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Agriculture Sector Hopes for Recovery, Possible Third Wave A Risky Time?

To revive the sector again that can contribute to boosting the Agrarian economy, the government has to protect the real incomes of farmers that they were getting before it assumed office.

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The recent Situation Assessment Survey (SAS) of agricultural households for 2018-19 by the National Statistical Office presented the unprecedented crisis in India’s agriculture sector with the intensification of the ongoing months-long farmer protest against three controversial farm laws by the Prime Minister Narendra Modi-led Centre government. 

Rajesh Aggarwal, Managing Director,  Insecticide India, said, "Agrarian distress has become a major cause of concern due to a series of natural calamities in various parts of the country as well as rising input costs in view of the global situation and lack of timely payments by processors in some crops like sugarcane. While natural calamities are not in immediate human control, taking care of the other aspects like delays or staggered payments to farmers or making economical but effective crop-saving products available can address the distress."

This is not an instant crisis that appeared out of blue, but even before the BJP government came to power in 2014. 

However, the agrarian economy witnessed distress in the last few years due to the economic slowdown and a rise in input costs driven by rising wages, the back to back drought in 2014 and 2015. Government policies such as demonetization also caused disruptions and because of that, several farmers were unable to sell, meanwhile, the ongoing pandemic, especially the devastating second wave of COVID-19 made the situation worse. 

Akshay D'Souza, Chief of Growth and Insights, Bizom - the Retail Intelligence Platform, said, "Agri income is a key part of driving India’s rural consumption and monsoons have a key role in the same. Kharif crops typically are sowed during India’s traditional monsoon season and hence the rainfall indicators play a key role in driving how sowing and rural income and consumption will be impacted. 

To revive the sector again that can contribute to boosting the Agrarian economy, the government has to protect the real incomes of farmers that they were getting before it assumed office.

"Increasing income of farmers will be a key intervention to relieve the distress. A lot of members of agrarian families are known to opt for non-farming jobs. It is important to create employment for them in allied sectors within the areas they live in so as to offer livelihood opportunities and prevent migration," Aggarwal said. 

According to SAS 2018-19, the average income of an agricultural household from cultivation, livestock, wage earnings as well as non-farm incomes rose up to Rs 7,683 in 2018-19 from Rs 6,436 in 2012-13. This was majorly on account of higher wage incomes, which rose 6.7 per cent per annum. Meanwhile, during July 2018-June 2019, over 90 per cent of farmers reported being engaged in crop cultivation, and for most of them, real incomes from it decreased 1.3 per cent per annum. This major reduction was witnessed not by any specific class, but by all farmers.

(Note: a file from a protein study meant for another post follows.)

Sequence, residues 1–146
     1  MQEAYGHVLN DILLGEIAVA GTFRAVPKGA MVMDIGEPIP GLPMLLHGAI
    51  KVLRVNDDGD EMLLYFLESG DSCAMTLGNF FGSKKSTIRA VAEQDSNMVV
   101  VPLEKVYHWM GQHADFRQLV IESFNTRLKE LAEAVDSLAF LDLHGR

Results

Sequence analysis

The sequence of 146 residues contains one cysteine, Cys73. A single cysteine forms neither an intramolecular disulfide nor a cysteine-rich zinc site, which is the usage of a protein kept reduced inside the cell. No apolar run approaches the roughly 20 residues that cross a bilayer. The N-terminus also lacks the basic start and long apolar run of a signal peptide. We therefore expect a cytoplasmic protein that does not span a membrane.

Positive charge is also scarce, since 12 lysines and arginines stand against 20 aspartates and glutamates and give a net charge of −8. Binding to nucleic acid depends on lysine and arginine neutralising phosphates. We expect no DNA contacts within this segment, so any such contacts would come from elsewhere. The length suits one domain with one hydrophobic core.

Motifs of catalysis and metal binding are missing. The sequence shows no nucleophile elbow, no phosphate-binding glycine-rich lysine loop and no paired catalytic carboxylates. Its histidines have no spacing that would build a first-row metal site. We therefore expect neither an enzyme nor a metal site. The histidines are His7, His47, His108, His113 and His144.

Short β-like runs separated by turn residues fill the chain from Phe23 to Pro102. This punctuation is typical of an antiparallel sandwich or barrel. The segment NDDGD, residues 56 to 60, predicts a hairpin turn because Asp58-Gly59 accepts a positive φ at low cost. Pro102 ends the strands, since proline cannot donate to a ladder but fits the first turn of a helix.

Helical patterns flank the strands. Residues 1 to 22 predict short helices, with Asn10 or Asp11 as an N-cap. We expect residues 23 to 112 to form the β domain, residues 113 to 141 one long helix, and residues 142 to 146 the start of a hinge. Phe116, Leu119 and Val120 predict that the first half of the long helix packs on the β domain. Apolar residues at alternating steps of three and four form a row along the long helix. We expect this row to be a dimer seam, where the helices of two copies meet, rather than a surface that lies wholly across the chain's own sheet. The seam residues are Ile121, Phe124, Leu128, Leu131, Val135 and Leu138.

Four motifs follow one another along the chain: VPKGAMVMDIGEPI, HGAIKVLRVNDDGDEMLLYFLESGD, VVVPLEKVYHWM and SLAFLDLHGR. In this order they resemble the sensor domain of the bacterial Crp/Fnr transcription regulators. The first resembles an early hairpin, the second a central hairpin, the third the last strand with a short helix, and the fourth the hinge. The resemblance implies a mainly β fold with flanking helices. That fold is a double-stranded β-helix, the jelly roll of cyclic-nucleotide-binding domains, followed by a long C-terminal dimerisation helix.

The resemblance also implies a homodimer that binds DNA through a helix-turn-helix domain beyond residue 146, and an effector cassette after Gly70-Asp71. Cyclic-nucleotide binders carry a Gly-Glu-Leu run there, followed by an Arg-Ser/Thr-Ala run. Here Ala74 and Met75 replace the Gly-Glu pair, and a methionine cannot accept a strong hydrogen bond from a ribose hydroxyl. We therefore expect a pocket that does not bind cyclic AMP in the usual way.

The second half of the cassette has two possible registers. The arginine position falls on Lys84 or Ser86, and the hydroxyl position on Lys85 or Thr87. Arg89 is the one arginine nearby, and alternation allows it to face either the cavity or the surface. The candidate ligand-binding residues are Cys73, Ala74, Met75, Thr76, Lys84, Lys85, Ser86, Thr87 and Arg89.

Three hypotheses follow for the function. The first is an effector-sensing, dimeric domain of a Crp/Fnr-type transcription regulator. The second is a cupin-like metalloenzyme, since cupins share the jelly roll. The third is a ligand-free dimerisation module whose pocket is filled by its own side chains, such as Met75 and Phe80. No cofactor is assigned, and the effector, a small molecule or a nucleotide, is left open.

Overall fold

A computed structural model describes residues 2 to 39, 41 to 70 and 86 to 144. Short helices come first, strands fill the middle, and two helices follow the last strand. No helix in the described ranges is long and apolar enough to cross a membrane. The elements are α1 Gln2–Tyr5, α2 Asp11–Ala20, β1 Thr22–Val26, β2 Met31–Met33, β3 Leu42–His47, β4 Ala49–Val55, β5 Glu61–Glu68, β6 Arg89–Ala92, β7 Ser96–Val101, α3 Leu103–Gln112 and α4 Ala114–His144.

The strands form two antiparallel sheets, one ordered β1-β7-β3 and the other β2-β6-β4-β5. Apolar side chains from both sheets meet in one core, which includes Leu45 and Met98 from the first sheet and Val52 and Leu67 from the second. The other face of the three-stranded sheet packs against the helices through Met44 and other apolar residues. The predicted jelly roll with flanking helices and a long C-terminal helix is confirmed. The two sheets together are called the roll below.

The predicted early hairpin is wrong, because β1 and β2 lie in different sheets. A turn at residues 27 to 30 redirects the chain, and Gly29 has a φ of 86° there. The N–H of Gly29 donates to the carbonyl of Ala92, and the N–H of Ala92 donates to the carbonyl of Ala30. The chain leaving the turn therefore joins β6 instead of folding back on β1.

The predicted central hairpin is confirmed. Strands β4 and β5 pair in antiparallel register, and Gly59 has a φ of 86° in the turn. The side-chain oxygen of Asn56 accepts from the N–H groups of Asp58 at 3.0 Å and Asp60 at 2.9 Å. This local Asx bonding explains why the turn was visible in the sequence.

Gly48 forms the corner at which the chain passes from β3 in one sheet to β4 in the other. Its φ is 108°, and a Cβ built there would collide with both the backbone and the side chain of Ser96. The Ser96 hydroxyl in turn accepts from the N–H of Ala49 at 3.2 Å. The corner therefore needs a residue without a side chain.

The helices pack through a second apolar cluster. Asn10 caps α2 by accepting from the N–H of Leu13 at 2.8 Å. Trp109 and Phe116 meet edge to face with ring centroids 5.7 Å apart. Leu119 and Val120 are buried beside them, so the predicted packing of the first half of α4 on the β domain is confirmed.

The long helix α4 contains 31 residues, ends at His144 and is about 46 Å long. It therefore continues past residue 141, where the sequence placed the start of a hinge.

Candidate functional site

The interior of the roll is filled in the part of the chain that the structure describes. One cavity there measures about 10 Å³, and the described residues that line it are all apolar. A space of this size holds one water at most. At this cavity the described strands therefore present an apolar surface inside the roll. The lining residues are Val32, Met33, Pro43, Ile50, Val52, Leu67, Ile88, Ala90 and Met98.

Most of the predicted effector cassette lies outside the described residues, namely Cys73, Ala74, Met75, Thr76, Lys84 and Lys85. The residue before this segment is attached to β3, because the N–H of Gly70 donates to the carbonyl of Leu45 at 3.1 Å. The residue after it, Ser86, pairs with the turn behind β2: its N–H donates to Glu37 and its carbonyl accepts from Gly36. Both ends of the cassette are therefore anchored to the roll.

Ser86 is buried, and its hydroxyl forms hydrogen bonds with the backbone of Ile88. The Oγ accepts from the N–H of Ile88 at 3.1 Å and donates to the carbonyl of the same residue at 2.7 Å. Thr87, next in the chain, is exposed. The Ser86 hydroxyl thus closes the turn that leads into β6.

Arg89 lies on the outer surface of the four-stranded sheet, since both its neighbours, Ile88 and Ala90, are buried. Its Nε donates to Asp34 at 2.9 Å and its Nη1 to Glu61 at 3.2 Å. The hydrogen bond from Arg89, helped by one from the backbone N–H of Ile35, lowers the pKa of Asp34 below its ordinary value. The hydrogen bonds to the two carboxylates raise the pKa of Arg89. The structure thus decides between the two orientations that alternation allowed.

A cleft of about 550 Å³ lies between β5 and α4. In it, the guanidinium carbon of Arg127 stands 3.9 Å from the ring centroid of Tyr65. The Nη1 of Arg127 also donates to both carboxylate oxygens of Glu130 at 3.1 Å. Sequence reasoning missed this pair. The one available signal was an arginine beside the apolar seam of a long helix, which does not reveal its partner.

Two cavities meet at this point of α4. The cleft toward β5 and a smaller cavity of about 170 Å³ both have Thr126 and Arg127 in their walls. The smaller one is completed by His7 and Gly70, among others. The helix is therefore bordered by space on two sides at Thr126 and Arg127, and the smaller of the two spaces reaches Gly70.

The future of the agriculture sector:

 PM Modi, earlier on this month transferred about Rs 19,500 crore to over 9.75 crore beneficiaries farmers under the government's PM-KISAN scheme for the betterment of households along with few other schemes which the Centre is operating. 

Apart from that, India witnessed rainfall departure move from -9 per cent at the end of August 21 to -1 per cent at the end of September 21. This has helped India maintain a normal monsoon and the sector is hoping for normal Kharif crop sowing and strong optimism as we enter the Rabi season. 

"Southern parts of India have had steady rainfall right through the season so we can expect strong consumption from these states while some parts of Western India have seen crop damage but we do see government schemes and crop insurance playing its part in maintaining normalcy here," D'Souza said. 

As India is reporting fewer COVID-19 cases, and vaccination drives are picking up speed, this is a very positive sign for improved mobility and social interactions. 

"Promoting systematic lending will help free farmers from ad hoc and unsafe borrowings and make a positive impact on the situation," Aggarwal added. 

Business activity for Fast-moving consumer goods (FMCG) products also remains at a peak with the number of Kirana outlets at significantly stronger levels in wave 2 as compared to the first wave of the pandemic. 

"The strong distribution network of Kiranas across India is helping drive growth across most categories of FMCG products including discretionary categories that were impacted during the wave," D'Souza said. 

Meanwhile, one side the results of SAS 2018-19 are worrying because it revealed that the incomes from the non-farm sector are not reliable, leading to the suffering of the country's rural areas. On the other side, after the devastating second wave, there are possible speculations of a third wave, which can further put the future of farmers and the agriculture sector in the dark. 

"India has learnt its lessons and managed to maintain both supply and distribution of products in both waves of the pandemic. Given the overall improvement in vaccination rates, we expect that any further 3rd wave of the pandemic will have a much lower impact on business activity and the recovery will also be quicker than the 2-3months it took during the 2nd wave," D'Souza added. 


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agriculture sector COVID-19 lockdown india